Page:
GYST-Ink.com is our go-to resource for navigating the business of art. GYST's offerings include an overview, guidelines, and useful words for writing artist statements. Radiant Hall offers free artist statement reviews from Porter Loves Creative to two artist members per month on a first-come, first-served basis.
For advice on writing an artist bio, check out:
Some helpful resources for writing an Artist CV:
Lynda.com is an online learning platform that helps anyone learn business, software, technology and creative skills to achieve personal and professional goals. You can access over 1,100 online courses on topics like Photoshop, Illustrator, 3D printing, web development, etc. for free with a Carnegie Library card.
We can’t emphasize enough how important it is to have professional photos of your work. Documentation is the cornerstone of a strong portfolio, and necessary to have ready for any opportunity that comes your way. Radiant Hall provides professional headshots and candids to artists who participate in Open Studios. If you're looking for a photographer to work with on a regular basis, here are a few talented folks we've worked with: Adam Milliron, Ryan Michael White, Christopher Sprowls, and Julie Kahlbaugh.
For editing purposes, we recommend Photoshop or Lightbox. Adobe programs are available for around $10/month (photography only) or $50/month (all programs). It is well worth the investment to have the proper tools. If you want to learn to use your new Adobe programs and you have a Carnegie Library card, you have access to Lynda.com for free, and can watch unlimited tutorials on any program you’d like!
We highly recommend storing your files on an external hard drive. Raw files take up a ton of space on your computer. Here are some guidelines for saving image files:
Decide on a naming system for files that works for your practice and stick to it. It will make searching, inventory, and sharing so much easier. Some suggestions: Lastname_TitleofArtwork_2016-raw or Lastname_TitleofArtwork_detail_2016-raw.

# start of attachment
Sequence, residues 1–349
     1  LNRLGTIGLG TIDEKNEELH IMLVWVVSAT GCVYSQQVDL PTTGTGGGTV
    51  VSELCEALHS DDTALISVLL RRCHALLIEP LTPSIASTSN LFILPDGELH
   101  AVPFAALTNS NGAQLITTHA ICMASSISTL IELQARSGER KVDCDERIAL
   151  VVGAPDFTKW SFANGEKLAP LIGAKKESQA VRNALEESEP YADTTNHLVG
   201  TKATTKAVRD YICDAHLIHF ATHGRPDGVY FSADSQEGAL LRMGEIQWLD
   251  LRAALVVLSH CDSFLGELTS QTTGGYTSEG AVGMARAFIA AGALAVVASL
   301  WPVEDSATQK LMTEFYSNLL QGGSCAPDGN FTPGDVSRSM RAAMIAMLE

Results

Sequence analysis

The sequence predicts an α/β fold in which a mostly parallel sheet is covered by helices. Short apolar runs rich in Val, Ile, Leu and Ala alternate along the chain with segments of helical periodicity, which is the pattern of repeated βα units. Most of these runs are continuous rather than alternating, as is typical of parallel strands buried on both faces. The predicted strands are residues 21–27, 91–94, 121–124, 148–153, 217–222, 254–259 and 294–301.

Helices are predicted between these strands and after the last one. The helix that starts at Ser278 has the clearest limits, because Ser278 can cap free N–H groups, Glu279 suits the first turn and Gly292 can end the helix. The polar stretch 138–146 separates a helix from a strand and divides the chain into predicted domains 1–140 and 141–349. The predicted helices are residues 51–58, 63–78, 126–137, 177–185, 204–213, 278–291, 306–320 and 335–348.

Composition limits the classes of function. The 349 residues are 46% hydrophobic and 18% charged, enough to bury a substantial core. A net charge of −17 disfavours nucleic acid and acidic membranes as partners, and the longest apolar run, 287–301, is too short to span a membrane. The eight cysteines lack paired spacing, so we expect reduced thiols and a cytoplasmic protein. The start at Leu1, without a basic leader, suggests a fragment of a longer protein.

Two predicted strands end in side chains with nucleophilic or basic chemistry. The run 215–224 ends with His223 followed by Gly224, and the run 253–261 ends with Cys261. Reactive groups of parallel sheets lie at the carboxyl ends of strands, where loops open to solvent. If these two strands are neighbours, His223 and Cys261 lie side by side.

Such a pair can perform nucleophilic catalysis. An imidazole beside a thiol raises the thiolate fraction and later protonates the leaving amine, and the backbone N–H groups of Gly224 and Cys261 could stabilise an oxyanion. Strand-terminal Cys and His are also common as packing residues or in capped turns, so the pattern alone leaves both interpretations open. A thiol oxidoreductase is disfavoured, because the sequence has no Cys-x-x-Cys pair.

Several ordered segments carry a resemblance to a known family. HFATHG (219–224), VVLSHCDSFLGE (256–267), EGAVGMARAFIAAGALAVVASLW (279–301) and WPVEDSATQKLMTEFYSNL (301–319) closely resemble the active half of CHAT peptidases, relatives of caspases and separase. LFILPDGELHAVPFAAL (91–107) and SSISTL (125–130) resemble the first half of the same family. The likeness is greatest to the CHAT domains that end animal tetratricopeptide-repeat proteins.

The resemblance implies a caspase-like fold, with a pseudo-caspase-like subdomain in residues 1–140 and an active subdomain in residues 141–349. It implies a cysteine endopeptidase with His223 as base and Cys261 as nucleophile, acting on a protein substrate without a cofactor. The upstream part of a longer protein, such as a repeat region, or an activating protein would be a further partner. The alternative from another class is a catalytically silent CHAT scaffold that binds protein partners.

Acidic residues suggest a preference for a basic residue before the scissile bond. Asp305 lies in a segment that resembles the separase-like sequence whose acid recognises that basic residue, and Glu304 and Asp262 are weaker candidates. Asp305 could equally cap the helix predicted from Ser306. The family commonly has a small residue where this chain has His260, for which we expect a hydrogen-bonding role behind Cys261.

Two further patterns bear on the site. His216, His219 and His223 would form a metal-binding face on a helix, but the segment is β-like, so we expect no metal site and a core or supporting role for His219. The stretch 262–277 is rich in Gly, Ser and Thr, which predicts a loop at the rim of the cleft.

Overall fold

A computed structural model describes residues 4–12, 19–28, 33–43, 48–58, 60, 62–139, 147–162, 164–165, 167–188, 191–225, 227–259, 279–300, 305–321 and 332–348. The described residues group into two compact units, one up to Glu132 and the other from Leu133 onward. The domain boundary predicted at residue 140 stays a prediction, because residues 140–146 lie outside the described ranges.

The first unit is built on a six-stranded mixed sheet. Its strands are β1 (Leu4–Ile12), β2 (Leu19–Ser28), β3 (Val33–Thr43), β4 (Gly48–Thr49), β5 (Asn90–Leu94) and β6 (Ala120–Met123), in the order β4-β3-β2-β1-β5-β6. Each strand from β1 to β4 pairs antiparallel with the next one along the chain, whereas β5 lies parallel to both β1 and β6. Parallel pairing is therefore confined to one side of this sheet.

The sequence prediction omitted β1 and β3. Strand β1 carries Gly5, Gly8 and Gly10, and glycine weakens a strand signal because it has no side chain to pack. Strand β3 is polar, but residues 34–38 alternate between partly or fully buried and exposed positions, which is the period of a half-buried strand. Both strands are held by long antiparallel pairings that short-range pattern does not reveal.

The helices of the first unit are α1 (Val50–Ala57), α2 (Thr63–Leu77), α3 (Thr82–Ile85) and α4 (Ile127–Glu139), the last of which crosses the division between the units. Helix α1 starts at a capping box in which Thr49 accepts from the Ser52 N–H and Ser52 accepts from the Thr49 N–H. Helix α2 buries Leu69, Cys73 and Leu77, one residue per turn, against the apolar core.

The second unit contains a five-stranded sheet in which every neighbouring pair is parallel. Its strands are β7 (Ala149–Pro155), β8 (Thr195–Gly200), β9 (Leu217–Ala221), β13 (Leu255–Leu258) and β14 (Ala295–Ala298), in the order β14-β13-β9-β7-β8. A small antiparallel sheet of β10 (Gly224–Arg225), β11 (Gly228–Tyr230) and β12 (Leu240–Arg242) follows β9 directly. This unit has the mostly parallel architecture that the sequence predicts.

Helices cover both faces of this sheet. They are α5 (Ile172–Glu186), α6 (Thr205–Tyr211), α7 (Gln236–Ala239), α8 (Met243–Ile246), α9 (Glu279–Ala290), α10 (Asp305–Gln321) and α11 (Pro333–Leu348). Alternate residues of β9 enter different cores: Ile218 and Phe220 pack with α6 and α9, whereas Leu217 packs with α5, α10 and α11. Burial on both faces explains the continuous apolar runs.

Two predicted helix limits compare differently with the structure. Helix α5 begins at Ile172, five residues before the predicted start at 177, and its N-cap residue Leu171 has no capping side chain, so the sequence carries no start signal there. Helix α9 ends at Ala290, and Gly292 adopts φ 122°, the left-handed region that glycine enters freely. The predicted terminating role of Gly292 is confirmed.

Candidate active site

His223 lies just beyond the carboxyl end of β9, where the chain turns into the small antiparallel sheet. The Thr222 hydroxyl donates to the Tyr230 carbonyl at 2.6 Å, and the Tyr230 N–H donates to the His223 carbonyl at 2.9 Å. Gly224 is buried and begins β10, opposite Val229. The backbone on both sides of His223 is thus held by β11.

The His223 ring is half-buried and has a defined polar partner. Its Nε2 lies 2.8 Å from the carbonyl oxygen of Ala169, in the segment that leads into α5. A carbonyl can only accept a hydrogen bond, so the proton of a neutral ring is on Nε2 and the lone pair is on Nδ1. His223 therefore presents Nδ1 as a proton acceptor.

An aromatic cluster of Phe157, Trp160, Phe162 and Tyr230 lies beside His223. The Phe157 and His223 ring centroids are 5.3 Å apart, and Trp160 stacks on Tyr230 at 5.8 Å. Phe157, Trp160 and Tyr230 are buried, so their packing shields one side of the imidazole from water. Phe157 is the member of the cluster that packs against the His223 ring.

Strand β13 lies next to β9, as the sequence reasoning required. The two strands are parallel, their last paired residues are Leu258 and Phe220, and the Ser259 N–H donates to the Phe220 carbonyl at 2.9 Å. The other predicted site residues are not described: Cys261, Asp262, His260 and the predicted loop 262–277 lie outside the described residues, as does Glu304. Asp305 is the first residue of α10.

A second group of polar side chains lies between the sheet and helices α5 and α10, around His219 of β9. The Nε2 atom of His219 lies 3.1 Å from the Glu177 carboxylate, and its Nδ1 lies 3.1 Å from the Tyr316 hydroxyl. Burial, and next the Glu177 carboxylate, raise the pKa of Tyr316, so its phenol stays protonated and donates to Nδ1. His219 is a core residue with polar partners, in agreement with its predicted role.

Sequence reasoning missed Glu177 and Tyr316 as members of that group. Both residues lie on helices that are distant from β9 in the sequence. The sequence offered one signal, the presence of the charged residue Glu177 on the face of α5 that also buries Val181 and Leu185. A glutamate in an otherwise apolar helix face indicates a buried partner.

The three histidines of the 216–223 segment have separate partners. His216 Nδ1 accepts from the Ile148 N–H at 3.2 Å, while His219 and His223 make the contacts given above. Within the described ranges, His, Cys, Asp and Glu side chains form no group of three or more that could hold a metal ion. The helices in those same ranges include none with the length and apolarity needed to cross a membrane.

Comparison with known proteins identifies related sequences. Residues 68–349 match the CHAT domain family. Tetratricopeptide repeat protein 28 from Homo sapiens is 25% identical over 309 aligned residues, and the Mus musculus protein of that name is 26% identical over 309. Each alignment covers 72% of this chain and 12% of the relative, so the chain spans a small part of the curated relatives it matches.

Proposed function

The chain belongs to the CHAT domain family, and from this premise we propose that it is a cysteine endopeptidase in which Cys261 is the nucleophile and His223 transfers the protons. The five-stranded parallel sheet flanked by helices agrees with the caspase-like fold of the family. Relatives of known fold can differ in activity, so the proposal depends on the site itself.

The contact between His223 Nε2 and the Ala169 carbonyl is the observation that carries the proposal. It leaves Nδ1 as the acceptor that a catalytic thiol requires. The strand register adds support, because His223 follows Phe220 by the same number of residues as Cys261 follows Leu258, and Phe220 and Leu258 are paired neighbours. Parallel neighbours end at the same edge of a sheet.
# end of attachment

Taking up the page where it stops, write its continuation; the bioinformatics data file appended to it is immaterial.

Airtable is the inventory software we recommend to keep all of your work and information in one secure place. Airtable spreadsheets have more flexibility than Excel or Google Sheets and can be tailored to your specific needs.
Creative Capital compiles a list of residencies, grant and award opportunities, and open calls for artists and curators every month. Their blog also offers advice on the grant-writing process. We particularly like their guide to creating a project budget.
The Nonprofit Resource Center at the Carnegie Library provides free access to print and online resources for grantseekers. Visit CLP Main in Oakland to access specialized databases like the Foundation Grants to Individuals database, which includes information on almost 10,000 funders that provide scholarships, fellowships, grants and other types of financial support to artists, students, and researchers.
A few ongoing opportunities you might want to look into:
Of course, GYST offers a pretty comprehensive overview of building a web presence. If you're looking for website building and hosting suggestions, Radiant Hall uses Squarespace and GoDaddy. Wordpress is also a good option.
Radiant Hall members and alumni can have their bio, photo, and personal website link included in the artist listing on our website.
This brief guide covers personal budgeting as well as some basics for running a small business. GYST covers finances, budgeting, taxes, etc. for artists in more detail. Radiant Hall uses QuickBooks for invoicing, payment processing, tracking expenses, and other accounting needs. You can use the online version for as little as $10/month.
Greater Pittsburgh Arts Council has established an Emergency Fund for artists who have experienced career-threatening situations such as a fire, flood, or theft. Grants from $300 to $1,000 are offered to assist with replacing materials, equipment, etc. to help get your art practice back on track.
Volunteer Lawyers for the Arts (VLA) provides pro bono legal assistance to low income artists and smaller arts nonprofits for arts-related legal needs. If you are in need of legal help for items like contracts, non-profit designation, copyrights and trademarks, you can apply for assistance through GPAC if you meet certain eligibility criteria.
The Business Volunteers for the Arts (BVA) program will help you get the business help you need at a fraction of the cost. Pittsburgh area business professionals volunteer their expertise in financial and strategic planning, marketing, information technology, human resources and more to assist artists and arts nonprofits. You can learn more and apply through GPAC.
GYST-Ink.com has practical guides for just about every aspect of your artistic career. For local resources, check out the Greater Pittsburgh Arts Council's artist services. If you can't find the help you need, contact us!